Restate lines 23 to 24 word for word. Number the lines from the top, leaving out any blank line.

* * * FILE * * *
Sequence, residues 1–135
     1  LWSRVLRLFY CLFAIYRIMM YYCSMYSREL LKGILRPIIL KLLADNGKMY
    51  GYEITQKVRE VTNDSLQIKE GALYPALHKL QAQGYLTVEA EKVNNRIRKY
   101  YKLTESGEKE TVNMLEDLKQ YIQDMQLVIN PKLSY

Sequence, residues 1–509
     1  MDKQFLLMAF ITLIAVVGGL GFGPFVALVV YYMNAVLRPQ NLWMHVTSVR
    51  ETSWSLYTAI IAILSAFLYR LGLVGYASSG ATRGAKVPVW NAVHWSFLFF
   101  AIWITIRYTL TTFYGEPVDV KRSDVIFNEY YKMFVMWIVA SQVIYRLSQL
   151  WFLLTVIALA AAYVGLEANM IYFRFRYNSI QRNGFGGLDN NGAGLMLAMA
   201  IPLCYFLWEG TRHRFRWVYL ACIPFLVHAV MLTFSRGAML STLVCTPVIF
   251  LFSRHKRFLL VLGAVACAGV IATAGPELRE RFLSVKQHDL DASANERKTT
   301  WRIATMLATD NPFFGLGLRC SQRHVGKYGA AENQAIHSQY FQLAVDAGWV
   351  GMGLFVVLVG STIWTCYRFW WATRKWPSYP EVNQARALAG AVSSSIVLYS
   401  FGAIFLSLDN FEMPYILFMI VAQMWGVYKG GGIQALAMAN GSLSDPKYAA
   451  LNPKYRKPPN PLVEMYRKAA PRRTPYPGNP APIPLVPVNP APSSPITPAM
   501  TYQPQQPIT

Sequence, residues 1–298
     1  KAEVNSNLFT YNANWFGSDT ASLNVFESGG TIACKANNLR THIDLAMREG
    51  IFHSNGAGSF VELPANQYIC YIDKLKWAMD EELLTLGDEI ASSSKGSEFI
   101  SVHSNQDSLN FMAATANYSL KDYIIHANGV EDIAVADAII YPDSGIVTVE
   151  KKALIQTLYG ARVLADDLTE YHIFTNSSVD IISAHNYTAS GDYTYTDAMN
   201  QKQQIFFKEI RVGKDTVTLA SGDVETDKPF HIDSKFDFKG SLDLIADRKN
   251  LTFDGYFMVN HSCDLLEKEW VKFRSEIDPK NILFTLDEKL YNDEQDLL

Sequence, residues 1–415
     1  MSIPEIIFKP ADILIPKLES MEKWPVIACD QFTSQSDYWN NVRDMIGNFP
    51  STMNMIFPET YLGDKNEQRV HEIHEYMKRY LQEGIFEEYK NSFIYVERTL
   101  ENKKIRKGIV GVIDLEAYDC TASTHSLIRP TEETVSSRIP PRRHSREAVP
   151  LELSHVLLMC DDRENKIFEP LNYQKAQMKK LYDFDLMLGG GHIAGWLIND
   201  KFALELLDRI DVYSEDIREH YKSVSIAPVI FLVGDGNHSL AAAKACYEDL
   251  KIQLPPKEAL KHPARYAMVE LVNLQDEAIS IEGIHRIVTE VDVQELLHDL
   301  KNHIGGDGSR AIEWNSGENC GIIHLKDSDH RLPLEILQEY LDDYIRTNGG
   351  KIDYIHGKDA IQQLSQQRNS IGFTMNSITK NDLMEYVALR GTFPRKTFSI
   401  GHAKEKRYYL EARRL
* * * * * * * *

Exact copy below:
   251  LTFDGYFMVN HSCDLLEKEW VKFRSEIDPK NILFTLDEKL YNDEQDLL

Sequence, residues 1–415